The end of Vaping in the Valley?

Lanthorn Editorial Board

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Vaping has become a cultural phenomenon – the fad of all fads. Walking around Grand Valley State University campuses, it isn’t uncommon to see (and smell) clouds of fruit-loop infused vapor floating around. However, as new reports and findings come out surrounding the effects of vaping, the end of Grand Vape State University may be near. 

A lot of GVSU students have probably heard their parents tell stories about smoking cigarettes in college, saying it was “only something they did in groups” and referring to themselves as a “social smoker.”

Despite the efforts of YouTube ads that use puppets to shame those smoking in 2019, the phrase “social smoker” is not going away any time soon. One would be hard struck to find a party and social gathering that doesn’t include students whipping out Juuls and vapes with clouds following them shortly afterwards.

It might have become more than just a social pastime here in Allendale, as you could pass 5 college kids hitting their devices on the way to class, and a few more puffing clouds once they close their respective car doors to head home.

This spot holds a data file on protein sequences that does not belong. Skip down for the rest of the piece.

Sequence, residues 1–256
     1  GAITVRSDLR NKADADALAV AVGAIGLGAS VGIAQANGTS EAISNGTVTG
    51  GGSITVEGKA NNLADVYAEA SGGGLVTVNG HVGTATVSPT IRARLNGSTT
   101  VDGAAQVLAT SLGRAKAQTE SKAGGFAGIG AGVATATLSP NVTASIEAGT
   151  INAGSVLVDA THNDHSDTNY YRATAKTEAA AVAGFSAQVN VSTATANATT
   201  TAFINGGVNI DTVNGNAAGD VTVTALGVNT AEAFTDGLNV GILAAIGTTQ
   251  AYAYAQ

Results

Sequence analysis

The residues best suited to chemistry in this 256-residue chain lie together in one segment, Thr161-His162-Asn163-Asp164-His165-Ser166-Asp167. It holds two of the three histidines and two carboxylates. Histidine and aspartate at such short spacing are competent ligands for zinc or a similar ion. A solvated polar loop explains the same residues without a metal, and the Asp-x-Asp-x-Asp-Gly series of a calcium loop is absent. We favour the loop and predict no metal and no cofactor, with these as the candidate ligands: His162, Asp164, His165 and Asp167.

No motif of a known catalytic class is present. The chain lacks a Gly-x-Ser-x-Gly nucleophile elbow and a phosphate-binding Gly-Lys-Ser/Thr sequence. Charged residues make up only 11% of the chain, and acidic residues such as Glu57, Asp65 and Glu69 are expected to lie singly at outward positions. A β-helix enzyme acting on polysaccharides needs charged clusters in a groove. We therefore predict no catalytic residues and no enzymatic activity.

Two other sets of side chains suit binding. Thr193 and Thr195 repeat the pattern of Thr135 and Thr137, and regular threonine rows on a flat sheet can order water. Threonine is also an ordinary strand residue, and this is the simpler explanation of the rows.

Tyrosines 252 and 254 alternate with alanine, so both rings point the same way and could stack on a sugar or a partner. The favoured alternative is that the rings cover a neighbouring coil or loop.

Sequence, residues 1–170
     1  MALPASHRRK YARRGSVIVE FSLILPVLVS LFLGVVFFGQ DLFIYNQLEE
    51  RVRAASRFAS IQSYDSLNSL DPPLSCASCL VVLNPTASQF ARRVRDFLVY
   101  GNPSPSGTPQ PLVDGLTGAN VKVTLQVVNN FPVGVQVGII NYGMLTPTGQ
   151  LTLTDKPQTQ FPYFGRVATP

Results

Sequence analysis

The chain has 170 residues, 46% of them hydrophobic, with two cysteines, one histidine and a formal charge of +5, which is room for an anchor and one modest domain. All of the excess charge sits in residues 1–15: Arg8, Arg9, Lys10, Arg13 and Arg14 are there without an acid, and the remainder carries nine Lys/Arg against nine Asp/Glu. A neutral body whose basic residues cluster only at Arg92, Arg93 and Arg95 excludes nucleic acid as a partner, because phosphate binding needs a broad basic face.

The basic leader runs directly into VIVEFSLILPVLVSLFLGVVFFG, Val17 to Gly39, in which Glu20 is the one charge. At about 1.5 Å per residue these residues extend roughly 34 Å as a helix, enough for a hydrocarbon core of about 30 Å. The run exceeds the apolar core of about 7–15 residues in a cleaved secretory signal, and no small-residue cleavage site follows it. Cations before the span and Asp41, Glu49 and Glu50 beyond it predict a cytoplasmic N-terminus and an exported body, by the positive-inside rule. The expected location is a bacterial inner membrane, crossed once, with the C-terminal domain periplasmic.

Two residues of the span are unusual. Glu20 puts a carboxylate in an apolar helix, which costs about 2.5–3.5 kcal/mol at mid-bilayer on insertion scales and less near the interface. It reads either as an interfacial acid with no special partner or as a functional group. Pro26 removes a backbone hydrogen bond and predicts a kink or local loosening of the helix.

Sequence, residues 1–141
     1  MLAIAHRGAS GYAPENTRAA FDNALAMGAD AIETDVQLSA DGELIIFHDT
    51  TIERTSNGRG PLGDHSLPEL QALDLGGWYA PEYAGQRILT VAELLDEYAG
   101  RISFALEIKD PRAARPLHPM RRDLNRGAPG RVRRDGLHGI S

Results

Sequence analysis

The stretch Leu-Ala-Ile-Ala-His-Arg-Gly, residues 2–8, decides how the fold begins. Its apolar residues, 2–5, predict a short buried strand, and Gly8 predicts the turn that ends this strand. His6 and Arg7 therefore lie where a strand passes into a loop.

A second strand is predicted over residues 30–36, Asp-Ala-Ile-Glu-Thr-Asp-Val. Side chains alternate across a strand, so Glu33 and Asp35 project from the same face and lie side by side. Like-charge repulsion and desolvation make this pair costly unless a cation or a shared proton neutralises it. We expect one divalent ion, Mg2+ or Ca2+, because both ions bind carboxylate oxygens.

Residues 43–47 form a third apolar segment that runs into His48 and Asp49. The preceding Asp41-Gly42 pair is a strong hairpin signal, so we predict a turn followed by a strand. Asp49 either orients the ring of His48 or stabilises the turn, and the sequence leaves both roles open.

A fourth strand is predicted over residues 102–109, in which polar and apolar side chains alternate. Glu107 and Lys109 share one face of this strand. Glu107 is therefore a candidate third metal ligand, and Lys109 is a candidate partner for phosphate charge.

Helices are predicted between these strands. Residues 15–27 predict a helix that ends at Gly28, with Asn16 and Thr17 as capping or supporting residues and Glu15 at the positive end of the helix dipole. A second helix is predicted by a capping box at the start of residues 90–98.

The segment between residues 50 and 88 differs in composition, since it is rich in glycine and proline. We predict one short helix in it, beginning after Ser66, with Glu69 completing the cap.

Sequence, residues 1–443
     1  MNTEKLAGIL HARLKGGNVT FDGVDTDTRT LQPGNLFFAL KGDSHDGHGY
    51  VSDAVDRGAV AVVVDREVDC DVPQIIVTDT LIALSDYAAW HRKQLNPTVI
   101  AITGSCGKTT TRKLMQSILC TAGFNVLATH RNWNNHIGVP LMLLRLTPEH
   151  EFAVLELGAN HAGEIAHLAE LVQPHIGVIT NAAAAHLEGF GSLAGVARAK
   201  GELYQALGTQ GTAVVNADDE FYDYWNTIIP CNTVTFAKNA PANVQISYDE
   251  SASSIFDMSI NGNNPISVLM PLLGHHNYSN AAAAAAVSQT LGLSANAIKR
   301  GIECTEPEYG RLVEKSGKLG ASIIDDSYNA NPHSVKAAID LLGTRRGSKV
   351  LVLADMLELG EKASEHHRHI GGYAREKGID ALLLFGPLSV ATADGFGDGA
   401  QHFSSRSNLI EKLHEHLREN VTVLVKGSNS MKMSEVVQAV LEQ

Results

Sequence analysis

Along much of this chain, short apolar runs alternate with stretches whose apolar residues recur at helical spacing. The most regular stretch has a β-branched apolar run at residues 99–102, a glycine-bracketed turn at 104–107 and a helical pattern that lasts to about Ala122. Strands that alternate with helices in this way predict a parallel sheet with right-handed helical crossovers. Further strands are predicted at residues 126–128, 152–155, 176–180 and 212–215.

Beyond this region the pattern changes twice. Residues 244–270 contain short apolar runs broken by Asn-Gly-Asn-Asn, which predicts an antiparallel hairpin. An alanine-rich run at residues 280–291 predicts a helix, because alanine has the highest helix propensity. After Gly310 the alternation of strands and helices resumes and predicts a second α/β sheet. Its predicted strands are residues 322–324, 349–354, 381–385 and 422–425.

Last Nov., Michigan was one of the first ten states to legalize marijuana. Now, we are the first state to enact a ban on flavored e-cigarettes. On the surface, these seem like conflicting ideals. So how did a state relatively open to recreational drugs turn around and take away our Juuls?

In recent years, marijuana’s image has become more positive. Research has debunked many myths concerning its dangers. Meanwhile, vaping is a relatively new phenomenon, and when people started using it, we didn’t know much. 

So maybe our first reaction to the ban shouldn’t be outrage. Maybe it should be an attempt to learn more, and protect ourselves from the nicotine addiction that many of our parents have struggled with.

On Sept. 6, U.S. health officials stated they are investigating over 450 cases of illnesses that are potentially vaping-related. The number of deaths relating to vaping recently rose to five. It’s becoming clear that vaping causes more health risks than we might have originally thought.

It’s also important to acknowledge that the ban is specifically on flavored vapes, not on vaping as a whole. For those struggling to quit cigarettes, they might decide that the risks of e-cigarettes are worth taking. But the flavors increase the appeal of vaping, which is good for the companies that sell them, but bad for the teenagers and young adults who pick up the habit without an existing nicotine addiction.

Do you even vape, bruh? When did you start vaping? Is that 50 nic? Were you still in high school? Why did you start? Can I hit your Juul bro? What was so appealing? Did you even have a nicotine addiction, bruh?

While vaping has been the fad of the decade, it’s time to realize that our health is more important than blowing O’s.